Playing host to hummingbirds by hanging feeders takes an unwavering commitment.  In the desert's summer heat Susie changed and cleaned feeders every day to prevent mold from developing.  Susie never wavered in her diligence.  She decided that Best-1 Hummingbird feeders were indeed the best simply because they were easiest to keep clean.  She also supplied balls of dryer lint and Jake's soft undercoat for nesting materials.  I saw her on several occasions counseling juvenile novice fliers who were having a tough time and had decided to take a break in the palm of her hand.

If cooking up batches of nectar and cleaning feeders daily seem daunting, you can still attract hummingbirds to your yard.  There are scores of plants available to provide sources of nectar year round in our low desert climate.

We think of Red tubular flowers as the traditional hummingbird flowers.  Indeed plants have evolved along with hummingbirds to take advantage of these industrious pollinators.  Their long bill and tongue can access the nectar at the base of the deep flowers and the red color puts them in the part of the spectrum that draws birds rather than insects.  The hummer's ability to hover also means that the flowers don't need to supply landing pads to facilitate pollination.  After watching hummingbirds for even a short while, though, you come to realize that the garden need not be restricted to red tubular blossoms, as the constantly feeding hummers with their insatiable appetites will visit flowers of many different shapes and colors.  Following are some worthy candidates for attracting hummers to your yard.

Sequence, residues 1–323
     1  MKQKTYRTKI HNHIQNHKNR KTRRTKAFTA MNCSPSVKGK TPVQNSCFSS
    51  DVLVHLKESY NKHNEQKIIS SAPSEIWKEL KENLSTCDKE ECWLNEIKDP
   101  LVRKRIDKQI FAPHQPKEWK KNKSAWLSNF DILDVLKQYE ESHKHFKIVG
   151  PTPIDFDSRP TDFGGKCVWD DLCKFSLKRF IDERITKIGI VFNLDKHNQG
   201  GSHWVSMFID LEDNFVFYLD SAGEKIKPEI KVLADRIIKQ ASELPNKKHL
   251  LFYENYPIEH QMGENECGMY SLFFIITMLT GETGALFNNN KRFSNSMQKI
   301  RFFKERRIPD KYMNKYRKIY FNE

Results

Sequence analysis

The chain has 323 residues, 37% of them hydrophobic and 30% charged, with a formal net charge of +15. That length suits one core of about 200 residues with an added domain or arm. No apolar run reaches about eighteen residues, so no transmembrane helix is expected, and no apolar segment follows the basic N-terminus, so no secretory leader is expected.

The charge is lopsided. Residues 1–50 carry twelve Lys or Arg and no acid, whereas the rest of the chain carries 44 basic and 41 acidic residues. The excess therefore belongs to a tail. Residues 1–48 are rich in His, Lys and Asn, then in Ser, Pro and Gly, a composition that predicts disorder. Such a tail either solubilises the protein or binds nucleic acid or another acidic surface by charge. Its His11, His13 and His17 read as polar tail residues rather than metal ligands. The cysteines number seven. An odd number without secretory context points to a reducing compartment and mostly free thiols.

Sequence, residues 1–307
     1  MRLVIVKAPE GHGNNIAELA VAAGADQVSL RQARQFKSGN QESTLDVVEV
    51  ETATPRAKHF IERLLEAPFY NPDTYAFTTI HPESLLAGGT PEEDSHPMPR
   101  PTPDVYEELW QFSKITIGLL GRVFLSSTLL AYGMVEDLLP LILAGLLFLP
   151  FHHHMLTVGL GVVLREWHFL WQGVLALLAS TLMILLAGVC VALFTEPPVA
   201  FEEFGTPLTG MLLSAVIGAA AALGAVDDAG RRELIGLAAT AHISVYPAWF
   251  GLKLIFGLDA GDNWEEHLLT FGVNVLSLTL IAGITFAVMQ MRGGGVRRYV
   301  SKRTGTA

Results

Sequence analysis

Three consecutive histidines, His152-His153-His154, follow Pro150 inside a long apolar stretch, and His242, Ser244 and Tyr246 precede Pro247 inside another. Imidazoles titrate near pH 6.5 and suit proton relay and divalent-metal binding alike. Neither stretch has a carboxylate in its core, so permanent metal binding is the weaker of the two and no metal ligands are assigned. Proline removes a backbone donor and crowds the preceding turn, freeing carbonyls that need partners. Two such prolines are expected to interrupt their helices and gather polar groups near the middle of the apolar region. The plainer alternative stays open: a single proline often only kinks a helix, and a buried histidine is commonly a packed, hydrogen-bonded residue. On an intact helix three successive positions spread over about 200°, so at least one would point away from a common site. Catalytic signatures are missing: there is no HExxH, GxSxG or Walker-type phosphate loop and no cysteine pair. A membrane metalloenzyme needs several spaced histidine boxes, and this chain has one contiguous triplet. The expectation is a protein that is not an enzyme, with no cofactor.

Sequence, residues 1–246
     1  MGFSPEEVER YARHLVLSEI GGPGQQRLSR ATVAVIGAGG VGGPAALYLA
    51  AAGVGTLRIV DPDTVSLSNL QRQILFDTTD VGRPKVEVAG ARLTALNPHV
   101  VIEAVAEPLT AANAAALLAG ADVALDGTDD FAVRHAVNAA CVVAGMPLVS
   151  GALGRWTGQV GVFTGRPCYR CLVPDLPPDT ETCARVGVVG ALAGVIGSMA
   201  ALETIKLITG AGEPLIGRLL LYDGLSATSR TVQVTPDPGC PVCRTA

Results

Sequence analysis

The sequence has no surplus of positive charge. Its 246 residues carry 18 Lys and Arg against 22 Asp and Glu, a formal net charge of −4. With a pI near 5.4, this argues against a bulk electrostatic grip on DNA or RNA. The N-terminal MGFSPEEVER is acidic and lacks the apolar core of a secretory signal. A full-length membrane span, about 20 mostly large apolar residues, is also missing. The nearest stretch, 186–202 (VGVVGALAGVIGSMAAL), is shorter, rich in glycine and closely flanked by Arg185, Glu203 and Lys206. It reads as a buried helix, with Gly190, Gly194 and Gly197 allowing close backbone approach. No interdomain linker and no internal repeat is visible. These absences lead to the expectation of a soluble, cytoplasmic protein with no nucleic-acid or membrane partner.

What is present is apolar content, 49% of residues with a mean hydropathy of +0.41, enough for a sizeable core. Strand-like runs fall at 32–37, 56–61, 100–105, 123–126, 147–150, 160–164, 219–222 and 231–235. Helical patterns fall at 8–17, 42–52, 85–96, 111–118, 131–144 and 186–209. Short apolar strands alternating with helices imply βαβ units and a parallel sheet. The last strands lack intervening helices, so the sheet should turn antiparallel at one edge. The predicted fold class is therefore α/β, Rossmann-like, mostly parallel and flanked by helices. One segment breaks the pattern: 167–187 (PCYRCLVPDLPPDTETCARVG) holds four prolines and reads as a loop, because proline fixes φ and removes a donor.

One of the first plants that comes to mind when thinking about hummingbirds is a local native with a common name that is synonymous with hummingbird in Spanish, chuparosa (Justicia californica).  This 3 to 4 foot tall and wide shrub blooms anytime from the fall to the spring and when at peak bloom covers itself in a mass of red tubular flowers.  You can share in the bounty as well, as the flowers have a mild cucumber taste.

Ocotillo (Fouquieria splendens) is a popular accent plant in southwest landscapes and provides a show of red tubular flowers at the tips of its long, spiny, whip-like stems.  The timing of the blossoms in spring takes advantage of the spring migration of hummingbirds.  These plants are most often sold bare root and can be tricky to get established in the garden.  Container grown plants are starting to become available or you can try one of the other species of ocotillo.  Mexican tree ocotillo (Fouquieria macdougalii) has a shrubbier growth habit, a faster growth rate, and a much longer bloom season than our local native.  You can see them in the Hummingbird Garden by the main tram stop, in the Ocotillo Garden or in the Foothills of Sonora Garden.